Cooee Bay | CQ Towns & Places

Cooee Bay | CQ Towns & Places

Cooee Bay & Wreck Point

Access

Cooee Bay is a major centre on the Capricorn Coast and is easily reached from Rockhampton, Yeppoon, and Emu Park. It is located 41 kms northeast of Rockhampton City, and 18 kms north of Emu Park.

Cooee Bay is a picturesque seaside community. Adjacent to the town of Yeppoon, the difference is noticeable as you drive over Ross Creek and enter a smaller village where the pace is more laid back. Around 1000 people call Ross Creek home.

Cooee Bay is bounded in the south by Lammermoor Beach, in the west by Taranganba, and north by Yeppoon. It takes in the seaward bank of Ross Creek, and the full length of the scenic Matthew Flinders Drive which goes over the top of Wreck Point.

Its coastline encompasses two sandy coves, including Fisherman’s Beach and Ocean Parade, which are amongst the most desirable addresses on the Capricorn Coast for their uninterrupted access and view to the Pacific Ocean.

Cooee Bay features two rocky headlands, the remnants of long-ago volcanic activity in the region. The most famous of these is Wreck Point which includes a new lookout and stunning views across Keppel Bay. On a clear winter’s day, it is possible to see as far south as the mountains of Broadmount near the mouth of the Fitzroy River, and the ranges of Byfield in the north.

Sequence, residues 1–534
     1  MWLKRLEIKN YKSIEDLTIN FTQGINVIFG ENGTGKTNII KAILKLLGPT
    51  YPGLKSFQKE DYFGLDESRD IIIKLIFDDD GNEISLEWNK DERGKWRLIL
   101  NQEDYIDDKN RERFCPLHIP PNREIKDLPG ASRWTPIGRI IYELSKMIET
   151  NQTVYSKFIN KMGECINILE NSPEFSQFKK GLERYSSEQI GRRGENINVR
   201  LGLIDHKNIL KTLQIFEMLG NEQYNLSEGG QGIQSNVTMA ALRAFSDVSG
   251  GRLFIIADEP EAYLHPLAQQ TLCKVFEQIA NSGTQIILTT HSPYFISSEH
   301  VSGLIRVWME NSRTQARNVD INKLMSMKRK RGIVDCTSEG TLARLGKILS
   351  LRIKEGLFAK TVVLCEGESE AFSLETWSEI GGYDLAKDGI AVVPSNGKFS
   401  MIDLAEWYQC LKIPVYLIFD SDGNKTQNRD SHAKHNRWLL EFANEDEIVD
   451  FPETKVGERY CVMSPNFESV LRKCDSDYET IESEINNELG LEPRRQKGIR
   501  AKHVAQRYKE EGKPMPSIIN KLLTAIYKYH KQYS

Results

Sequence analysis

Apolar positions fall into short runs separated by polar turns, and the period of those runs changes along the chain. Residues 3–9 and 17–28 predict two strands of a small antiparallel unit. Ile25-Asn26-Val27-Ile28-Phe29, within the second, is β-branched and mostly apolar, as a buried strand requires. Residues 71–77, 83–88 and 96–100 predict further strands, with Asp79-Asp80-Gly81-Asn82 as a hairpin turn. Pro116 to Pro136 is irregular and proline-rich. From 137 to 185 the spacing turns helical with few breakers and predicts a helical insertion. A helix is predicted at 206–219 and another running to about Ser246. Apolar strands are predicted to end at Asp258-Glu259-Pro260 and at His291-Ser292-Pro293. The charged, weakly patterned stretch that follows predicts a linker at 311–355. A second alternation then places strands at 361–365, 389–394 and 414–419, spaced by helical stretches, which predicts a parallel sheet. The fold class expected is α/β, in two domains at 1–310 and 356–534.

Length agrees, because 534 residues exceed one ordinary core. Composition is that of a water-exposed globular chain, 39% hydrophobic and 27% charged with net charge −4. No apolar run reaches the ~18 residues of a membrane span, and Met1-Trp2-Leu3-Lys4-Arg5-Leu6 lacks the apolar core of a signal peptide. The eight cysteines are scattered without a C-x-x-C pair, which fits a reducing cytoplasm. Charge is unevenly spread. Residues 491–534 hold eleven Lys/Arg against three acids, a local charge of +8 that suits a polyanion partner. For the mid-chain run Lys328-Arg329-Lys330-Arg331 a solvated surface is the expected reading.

History

Cooee Bay, along with all the other seaward land between Mulambin and Yeppoon, was originally staked out by Robert Ross and family in the 1860s.

Very little development happened in Cooee Bay until the early 1900s, as much of the land was swamp, and regularly inundated by king tides and summer storms.

In recent years, Cooee Bay is enjoying serious reinvention as a prestigious location due to its close proximity to the sea, and to schools and other facilities in neighbouring Yeppoon.

Photo Gallery: Cooee Bay

If you enjoy this type of article, you can find more on the Central Queensland Places page. Feel free to leave any related comments at the end of this page.

Andrew Thompson, editor | historian

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